A Model for the Lithospheric Architecture of the Central Andes and the Localization of Giant Porphyry Copper Deposit Clusters

Alexander D. Farrar, David R. Cooke, Jon M.A. Hronsky, David G. Wood, Sebastian B. Benavides, Matthew J. Cracknell, James F. Banyard, Santiago Gigola, Tim Ireland, Simon M. Jones, José Piquer

Research output: Contribution to journalArticlepeer-review

4 Citations (Scopus)


In the central Andes, giant porphyry copper deposits of similar ages group into discrete geographic clusters that are regularly spaced and aligned within orogen-parallel belts. This clustering highlights how exceptional geologic processes affected localized regions of the lithosphere during mineralization and that the spatial and temporal distribution of giant porphyry deposits is nonrandom. Development of favorable regions of lithosphere for significant metal concentration are linked to the overlap of structural pathways that focus fluid and magma flow from the mantle to upper crust during high-horizontal-compressive-strain events. These structural pathways are notoriously difficult to identify in the field due to their often-subtle surficial manifestations and continental scale. Field mapping at multiple scales in northwest Argentina and southern Peru, as well as regional structural traverses throughout the central Andes, indicates the presence of regional-scale structural corridors 5 to 25 km wide and hundreds of km long that consist of myriad fault planes. The variable width and diffuse surface expression of these corridors is interpreted to reflect the upward propagation of underlying zones of basement weakness through younger supracrustal sequences in the overriding plate. Such structural corridors are (1) apparent at multiple scales of investigation, (2) long-lived, (3) preferentially reactivated though time, and (4) evident in geophysical data sets. This structural architecture formed in response to the interplay of pre-Cenozoic tectonics and the orientation of inherited structural weaknesses. These fault systems persist in the upper crust as steep zones of enhanced permeability that can preferentially reactivate as pathways for ascending hydrous magmas and fluids during major deformation events. Linear orogen-parallel structural belts cogenetic with the magmatic arc provide the first-order control to giant porphyry copper deposit distribution. The second-order control is the intersection of orogen-oblique structural corridors with the orogen-parallel belts, localizing deposit clusters at these intersections. Such regions are inferred to have been zones of deep permeability, with vertical translithospheric pathways activated during high-strain tectonic events that affected the intra-arc stress field.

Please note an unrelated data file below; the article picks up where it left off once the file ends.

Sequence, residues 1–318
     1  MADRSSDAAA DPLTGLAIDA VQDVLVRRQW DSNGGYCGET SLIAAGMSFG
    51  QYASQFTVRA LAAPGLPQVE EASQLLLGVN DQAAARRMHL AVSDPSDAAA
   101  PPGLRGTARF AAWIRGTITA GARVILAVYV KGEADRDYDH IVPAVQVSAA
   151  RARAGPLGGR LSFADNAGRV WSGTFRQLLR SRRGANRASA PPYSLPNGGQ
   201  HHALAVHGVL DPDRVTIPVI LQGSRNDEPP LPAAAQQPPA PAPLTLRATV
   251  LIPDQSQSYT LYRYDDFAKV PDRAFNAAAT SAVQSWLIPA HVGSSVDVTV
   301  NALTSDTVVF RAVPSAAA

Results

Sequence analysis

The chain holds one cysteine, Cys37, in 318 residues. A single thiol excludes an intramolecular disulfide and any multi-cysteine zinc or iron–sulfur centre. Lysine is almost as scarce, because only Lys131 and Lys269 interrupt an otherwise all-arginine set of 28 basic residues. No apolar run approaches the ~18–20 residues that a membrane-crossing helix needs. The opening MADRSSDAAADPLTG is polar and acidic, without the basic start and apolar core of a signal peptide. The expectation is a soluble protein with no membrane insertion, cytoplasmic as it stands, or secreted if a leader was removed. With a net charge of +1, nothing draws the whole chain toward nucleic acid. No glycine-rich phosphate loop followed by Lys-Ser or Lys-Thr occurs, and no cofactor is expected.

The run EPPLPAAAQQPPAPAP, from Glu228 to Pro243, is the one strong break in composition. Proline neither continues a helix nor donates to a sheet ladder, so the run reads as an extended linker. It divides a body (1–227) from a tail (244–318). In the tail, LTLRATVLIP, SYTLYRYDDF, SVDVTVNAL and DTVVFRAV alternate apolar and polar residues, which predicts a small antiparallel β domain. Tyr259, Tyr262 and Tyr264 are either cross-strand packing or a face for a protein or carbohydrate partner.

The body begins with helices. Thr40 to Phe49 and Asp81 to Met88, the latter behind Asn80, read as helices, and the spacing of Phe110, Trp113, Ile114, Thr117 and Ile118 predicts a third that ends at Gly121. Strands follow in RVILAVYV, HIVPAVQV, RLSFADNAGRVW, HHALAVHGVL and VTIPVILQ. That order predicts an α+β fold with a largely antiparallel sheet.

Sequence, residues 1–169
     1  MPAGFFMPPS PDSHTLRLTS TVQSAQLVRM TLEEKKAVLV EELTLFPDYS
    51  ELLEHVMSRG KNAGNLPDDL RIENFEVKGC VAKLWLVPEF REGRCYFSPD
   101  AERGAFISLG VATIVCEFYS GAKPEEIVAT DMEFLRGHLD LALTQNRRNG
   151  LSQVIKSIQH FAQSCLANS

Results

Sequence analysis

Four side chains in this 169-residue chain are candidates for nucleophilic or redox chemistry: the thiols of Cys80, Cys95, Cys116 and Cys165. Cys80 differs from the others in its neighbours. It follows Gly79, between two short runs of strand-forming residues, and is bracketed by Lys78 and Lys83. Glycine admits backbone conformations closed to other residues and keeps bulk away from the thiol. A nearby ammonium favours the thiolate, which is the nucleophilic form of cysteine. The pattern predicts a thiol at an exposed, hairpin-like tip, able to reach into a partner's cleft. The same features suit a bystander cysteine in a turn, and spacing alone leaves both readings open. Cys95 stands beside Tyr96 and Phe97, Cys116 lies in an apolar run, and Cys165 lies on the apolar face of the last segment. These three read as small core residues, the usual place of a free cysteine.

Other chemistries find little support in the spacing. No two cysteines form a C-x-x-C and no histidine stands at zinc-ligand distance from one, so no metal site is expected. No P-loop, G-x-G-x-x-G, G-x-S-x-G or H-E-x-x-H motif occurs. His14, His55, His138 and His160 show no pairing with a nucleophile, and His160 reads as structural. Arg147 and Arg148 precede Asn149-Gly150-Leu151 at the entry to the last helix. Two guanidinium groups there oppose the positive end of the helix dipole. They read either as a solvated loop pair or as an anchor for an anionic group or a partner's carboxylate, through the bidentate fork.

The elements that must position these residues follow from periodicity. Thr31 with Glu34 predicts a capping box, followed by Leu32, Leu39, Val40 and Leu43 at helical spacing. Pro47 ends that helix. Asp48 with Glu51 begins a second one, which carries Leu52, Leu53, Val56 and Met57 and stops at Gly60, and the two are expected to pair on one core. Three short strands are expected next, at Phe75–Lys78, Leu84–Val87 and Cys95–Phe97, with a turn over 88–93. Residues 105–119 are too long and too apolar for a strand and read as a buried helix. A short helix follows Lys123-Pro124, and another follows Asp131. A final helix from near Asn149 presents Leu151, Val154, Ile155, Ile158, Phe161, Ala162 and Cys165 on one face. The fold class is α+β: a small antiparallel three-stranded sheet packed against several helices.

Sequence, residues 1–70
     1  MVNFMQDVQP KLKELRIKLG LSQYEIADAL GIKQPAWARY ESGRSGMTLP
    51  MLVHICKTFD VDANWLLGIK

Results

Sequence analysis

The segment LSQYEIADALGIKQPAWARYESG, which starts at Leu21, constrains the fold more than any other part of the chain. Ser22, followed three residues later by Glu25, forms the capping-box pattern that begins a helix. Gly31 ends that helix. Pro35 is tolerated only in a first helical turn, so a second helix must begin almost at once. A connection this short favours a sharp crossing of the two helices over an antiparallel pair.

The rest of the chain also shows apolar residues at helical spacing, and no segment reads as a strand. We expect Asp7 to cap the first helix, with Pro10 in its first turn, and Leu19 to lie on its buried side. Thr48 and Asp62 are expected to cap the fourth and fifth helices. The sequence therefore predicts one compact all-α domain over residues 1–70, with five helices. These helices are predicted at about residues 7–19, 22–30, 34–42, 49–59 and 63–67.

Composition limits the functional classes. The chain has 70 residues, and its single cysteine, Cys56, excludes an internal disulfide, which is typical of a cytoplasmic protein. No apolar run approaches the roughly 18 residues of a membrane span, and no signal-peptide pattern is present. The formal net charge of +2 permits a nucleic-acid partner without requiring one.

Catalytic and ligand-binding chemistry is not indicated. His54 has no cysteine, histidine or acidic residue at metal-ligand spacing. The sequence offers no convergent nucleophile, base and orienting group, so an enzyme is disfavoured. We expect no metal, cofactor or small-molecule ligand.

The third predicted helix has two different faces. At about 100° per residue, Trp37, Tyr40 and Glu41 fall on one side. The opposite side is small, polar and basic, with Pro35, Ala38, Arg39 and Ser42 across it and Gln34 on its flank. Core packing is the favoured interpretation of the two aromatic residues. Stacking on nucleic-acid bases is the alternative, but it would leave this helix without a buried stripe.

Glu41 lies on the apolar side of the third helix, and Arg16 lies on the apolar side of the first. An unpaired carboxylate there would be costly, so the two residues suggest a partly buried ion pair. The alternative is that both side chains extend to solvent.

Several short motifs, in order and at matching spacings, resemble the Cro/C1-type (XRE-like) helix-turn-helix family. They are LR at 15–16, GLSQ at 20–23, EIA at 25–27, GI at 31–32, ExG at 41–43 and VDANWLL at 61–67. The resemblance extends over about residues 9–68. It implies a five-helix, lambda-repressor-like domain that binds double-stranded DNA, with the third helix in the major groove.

Original languageEnglish
Pages (from-to)1235-1260
Number of pages26
JournalEconomic Geology
Issue number6
Publication statusPublished - Sept 2023


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